More than 40,000 of Vladimir Putin’s troops ‘wounded in action in Ukraine war’

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More than 40,000 of Vladimir Putin’s troops ‘wounded in action in Ukraine war’
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More than 40,000 of Vladimir Putin’s troops are believed to have been wounded in action in Ukraine since the war started more than three months ago, say western officials.

They estimate more than 15,000 Russian military personnel have been killed, though “not necessarily significantly more” than this figure given several weeks ago as Mr Putin has scaled back his military campaign to focus on the Donbas region in the east of the country.

“The number of wounded in action is probably north of 40,000 Russian wounded in action,” said one official.

This high figure is thought to be partly due to how Russian generals have thrown soldiers into dangerous advances, to the strength of Ukrainian resistance and weapons supplied by western nations.

But western officials also believe Mr Putin’s forces have been deployed with a lack of medical support, partly as he mistakenly expected them to be welcomed as liberators.

“Some units deployed in this operation have deployed without anything remotely like adequate medical support so when they do take casualties those casualties are not able to be triaged and treated appropriately,” said one official.

Ukrainian casualties are believed to be between 60 and 100 soldiers killed a day.

Mr Putin’s troops are advancing in parts of eastern Ukraine at as little as 500 metres on average a day as they are being hit by fierce resistance, according to the western officials.

They stressed Russian generals would have planned to gain territory at tens of miles a day.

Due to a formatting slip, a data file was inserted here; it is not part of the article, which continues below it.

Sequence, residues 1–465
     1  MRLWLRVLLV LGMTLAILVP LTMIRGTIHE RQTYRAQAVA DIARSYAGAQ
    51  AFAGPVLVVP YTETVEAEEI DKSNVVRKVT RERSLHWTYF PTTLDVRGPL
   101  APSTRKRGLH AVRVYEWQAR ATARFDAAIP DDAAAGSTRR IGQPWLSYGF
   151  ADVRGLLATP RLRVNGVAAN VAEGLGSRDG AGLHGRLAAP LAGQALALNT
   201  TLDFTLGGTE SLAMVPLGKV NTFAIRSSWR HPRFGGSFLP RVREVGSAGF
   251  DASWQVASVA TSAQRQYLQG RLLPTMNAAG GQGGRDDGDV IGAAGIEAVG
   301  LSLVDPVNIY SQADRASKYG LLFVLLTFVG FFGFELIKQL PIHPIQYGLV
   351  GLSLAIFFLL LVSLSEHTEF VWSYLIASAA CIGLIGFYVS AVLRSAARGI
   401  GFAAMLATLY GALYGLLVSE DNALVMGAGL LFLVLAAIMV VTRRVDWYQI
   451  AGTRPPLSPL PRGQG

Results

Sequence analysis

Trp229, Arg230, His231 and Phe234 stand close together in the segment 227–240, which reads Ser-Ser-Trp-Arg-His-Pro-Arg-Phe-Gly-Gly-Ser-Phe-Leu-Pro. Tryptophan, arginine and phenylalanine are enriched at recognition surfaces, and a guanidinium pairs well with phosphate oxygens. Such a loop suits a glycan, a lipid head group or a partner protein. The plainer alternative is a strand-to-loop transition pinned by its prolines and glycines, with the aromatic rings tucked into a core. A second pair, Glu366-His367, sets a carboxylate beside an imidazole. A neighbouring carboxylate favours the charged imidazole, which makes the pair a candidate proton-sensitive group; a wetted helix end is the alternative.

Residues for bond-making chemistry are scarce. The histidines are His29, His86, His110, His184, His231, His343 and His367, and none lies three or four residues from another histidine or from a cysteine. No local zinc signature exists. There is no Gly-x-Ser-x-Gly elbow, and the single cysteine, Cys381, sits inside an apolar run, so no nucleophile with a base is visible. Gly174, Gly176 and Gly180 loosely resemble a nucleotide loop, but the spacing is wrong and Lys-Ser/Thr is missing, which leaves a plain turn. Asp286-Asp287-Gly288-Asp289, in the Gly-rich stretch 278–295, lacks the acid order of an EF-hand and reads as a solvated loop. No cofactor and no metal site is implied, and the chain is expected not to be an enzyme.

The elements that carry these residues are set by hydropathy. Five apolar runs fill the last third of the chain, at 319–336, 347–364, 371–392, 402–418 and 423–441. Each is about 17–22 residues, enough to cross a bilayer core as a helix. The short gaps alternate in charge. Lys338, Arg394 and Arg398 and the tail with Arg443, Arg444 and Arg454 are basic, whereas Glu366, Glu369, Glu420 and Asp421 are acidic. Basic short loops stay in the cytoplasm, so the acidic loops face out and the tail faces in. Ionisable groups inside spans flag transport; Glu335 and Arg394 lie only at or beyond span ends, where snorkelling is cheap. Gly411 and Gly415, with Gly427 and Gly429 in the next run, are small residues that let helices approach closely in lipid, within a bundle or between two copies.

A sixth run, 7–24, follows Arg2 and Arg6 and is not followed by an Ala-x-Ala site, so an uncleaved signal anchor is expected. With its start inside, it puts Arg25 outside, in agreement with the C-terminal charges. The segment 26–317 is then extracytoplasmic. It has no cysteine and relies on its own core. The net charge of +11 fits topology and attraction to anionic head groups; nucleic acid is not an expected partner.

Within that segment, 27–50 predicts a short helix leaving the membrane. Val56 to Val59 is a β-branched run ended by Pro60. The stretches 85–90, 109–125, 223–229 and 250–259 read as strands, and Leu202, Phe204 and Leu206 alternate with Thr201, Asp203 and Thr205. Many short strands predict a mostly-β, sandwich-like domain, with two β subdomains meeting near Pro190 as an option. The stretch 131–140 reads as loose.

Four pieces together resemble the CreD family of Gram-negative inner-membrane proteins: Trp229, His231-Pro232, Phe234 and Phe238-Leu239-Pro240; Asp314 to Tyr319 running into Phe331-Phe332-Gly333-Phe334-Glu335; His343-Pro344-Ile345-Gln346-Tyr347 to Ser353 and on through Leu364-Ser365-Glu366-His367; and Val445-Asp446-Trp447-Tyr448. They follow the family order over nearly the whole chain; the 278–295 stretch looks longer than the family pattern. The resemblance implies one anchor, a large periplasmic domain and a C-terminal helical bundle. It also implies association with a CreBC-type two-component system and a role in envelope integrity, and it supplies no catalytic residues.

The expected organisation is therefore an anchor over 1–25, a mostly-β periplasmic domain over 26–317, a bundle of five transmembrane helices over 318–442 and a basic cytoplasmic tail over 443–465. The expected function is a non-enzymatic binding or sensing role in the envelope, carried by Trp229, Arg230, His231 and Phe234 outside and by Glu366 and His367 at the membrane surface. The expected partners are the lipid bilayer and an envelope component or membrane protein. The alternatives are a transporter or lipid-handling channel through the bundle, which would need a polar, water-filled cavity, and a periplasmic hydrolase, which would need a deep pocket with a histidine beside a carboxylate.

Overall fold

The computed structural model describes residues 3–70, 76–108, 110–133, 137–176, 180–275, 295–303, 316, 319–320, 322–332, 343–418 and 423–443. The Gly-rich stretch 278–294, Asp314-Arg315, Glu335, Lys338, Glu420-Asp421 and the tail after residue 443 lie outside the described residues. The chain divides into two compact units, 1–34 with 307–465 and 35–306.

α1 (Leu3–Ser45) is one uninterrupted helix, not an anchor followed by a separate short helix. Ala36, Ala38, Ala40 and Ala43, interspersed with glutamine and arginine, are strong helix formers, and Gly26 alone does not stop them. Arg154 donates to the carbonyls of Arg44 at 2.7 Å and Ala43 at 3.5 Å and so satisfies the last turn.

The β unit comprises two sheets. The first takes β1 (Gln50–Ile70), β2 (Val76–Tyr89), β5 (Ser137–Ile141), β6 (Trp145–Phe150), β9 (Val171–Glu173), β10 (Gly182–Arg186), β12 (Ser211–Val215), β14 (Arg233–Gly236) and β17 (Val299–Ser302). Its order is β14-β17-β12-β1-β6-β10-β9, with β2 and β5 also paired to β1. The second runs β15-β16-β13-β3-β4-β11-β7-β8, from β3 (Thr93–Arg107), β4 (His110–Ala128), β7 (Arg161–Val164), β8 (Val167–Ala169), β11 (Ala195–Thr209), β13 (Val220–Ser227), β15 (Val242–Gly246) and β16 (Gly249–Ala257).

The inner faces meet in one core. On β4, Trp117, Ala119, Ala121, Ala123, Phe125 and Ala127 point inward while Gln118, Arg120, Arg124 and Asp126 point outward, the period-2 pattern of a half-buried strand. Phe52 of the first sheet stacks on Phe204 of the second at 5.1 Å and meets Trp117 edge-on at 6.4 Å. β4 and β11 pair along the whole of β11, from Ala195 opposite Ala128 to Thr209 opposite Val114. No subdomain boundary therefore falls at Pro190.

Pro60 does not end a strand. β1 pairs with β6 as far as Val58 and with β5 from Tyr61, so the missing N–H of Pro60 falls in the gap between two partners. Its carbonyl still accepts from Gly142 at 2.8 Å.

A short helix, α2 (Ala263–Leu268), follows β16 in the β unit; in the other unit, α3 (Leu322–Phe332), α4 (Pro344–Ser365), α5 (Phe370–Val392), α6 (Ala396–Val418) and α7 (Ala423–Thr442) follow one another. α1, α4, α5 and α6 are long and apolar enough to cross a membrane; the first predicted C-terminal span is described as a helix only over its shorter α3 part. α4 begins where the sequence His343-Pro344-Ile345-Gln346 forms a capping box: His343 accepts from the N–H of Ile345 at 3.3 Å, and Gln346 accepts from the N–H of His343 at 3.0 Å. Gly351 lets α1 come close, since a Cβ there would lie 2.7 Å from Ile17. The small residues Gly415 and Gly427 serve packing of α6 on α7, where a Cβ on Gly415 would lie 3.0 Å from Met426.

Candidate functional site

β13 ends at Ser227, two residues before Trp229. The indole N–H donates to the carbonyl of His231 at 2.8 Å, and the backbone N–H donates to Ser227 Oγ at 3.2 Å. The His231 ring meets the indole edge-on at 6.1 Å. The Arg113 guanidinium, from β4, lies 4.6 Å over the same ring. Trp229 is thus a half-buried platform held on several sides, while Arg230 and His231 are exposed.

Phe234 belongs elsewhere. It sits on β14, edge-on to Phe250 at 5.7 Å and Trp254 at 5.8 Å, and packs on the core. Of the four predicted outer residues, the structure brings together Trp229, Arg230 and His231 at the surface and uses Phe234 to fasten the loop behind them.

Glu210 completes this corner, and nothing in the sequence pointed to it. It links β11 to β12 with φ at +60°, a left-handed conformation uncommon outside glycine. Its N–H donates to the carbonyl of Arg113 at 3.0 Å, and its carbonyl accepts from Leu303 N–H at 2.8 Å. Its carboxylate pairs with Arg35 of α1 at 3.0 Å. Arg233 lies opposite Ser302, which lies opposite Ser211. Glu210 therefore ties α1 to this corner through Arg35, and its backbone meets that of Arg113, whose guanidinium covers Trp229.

Mr Putin’s military operation is focusing on seizing territory in the Donbas region and his forces are believed to have now captured more than half the city of Severodonetsk.

The Russian offensive is being led by heavy artillery bombardments, reducing parts of towns, cities and villages to ruins in south east Ukraine, before troops try to move forward.

“It’s making slow but steady gains, largely achieved through its doctrine of concentrating indirect fire, immense firepower in order to then grind through the movement,” said one official. “It’s interesting to look on the axis from Popasna where forces have been advancing against that pocket.

“Over the last month, they have averaged between 500 metres and a kilometre (0.62 miles) a day in terms of their advance. Doctrinally, they would be looking for tens of kilometres for an advance of this nature.

“It gives an indication of the challenge of the nature of the terrain, the challenges that Russia is having in terms of their operations but also the ferocity of Ukrainian resistance.

“So, the fight is ongoing, Russia is making incremental but pretty steady gains all be it at a relatively slow pace.”

US President Joe Biden has announced that Washington is sending high-tech, medium-range multiple launch rocket systems to Ukraine where Mr Putin’s superior artillery firepower has so far allowed it to make advances in the Donbas.

“It gives a range of about 80 km (50 miles) and it’s a weapon system which is highly mobile and is particularly effective in terms of being able to engage targets and move or engage multiple targets in very quick succession,” said the western official.